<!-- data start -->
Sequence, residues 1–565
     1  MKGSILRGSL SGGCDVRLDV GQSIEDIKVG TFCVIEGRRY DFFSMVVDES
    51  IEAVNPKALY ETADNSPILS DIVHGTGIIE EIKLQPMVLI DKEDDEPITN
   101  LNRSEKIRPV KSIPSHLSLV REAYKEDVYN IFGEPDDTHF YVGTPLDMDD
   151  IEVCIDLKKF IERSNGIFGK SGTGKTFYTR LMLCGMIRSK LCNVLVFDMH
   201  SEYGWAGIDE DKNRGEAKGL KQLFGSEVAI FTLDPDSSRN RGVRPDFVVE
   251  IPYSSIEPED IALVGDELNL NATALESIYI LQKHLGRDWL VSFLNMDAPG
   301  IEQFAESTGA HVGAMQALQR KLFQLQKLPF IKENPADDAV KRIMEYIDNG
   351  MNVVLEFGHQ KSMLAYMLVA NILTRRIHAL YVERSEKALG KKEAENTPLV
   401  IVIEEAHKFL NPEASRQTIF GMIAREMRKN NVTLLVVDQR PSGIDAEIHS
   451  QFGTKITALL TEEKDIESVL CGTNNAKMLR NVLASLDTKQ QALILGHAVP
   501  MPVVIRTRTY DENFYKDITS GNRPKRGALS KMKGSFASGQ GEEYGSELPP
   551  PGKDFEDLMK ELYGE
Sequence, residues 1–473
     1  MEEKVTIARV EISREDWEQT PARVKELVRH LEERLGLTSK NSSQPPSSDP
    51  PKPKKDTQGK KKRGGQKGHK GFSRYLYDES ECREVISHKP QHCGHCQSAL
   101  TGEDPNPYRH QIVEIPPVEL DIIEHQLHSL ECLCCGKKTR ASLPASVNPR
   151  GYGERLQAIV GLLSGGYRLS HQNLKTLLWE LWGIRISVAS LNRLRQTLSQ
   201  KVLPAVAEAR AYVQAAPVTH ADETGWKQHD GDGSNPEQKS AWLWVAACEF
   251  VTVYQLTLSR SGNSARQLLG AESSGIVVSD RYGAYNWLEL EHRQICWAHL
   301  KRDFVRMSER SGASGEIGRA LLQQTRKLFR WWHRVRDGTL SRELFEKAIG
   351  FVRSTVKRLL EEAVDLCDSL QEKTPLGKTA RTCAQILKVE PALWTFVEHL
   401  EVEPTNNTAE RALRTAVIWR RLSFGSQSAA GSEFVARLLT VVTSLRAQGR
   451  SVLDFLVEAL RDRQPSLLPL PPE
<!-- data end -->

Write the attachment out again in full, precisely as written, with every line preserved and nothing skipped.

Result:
Sequence, residues 1–565
     1  MKGSILRGSL SGGCDVRLDV GQSIEDIKVG TFCVIEGRRY DFFSMVVDES
    51  IEAVNPKALY ETADNSPILS DIVHGTGIIE EIKLQPMVLI DKEDDEPITN
   101  LNRSEKIRPV KSIPSHLSLV REAYKEDVYN IFGEPDDTHF YVGTPLDMDD
   151  IEVCIDLKKF IERSNGIFGK SGTGKTFYTR LMLCGMIRSK LCNVLVFDMH
   201  SEYGWAGIDE DKNRGEAKGL KQLFGSEVAI FTLDPDSSRN RGVRPDFVVE
   251  IPYSSIEPED IALVGDELNL NATALESIYI LQKHLGRDWL VSFLNMDAPG
   301  IEQFAESTGA HVGAMQALQR KLFQLQKLPF IKENPADDAV KRIMEYIDNG
   351  MNVVLEFGHQ KSMLAYMLVA NILTRRIHAL YVERSEKALG KKEAENTPLV
   401  IVIEEAHKFL NPEASRQTIF GMIAREMRKN NVTLLVVDQR PSGIDAEIHS
   451  QFGTKITALL TEEKDIESVL CGTNNAKMLR NVLASLDTKQ QALILGHAVP
   501  MPVVIRTRTY DENFYKDITS GNRPKRGALS KMKGSFASGQ GEEYGSELPP
   551  PGKDFEDLMK ELYGE
Sequence, residues 1–473
     1  MEEKVTIARV EISREDWEQT PARVKELVRH LEERLGLTSK NSSQPPSSDP
    51  PKPKKDTQGK KKRGGQKGHK GFSRYLYDES ECREVISHKP QHCGHCQSAL
   101  TGEDPNPYRH QIVEIPPVEL DIIEHQLHSL ECLCCGKKTR ASLPASVNPR
   151  GYGERLQAIV GLLSGGYRLS HQNLKTLLWE LWGIRISVAS LNRLRQTLSQ
   201  KVLPAVAEAR AYVQAAPVTH ADETGWKQHD GDGSNPEQKS AWLWVAACEF
   251  VTVYQLTLSR SGNSARQLLG AESSGIVVSD RYGAYNWLEL EHRQICWAHL
   301  KRDFVRMSER SGASGEIGRA LLQQTRKLFR WWHRVRDGTL SRELFEKAIG
   351  FVRSTVKRLL EEAVDLCDSL QEKTPLGKTA RTCAQILKVE PALWTFVEHL
   401  EVEPTNNTAE RALRTAVIWR RLSFGSQSAA GSEFVARLLT VVTSLRAQGR
   451  SVLDFLVEAL RDRQPSLLPL PPE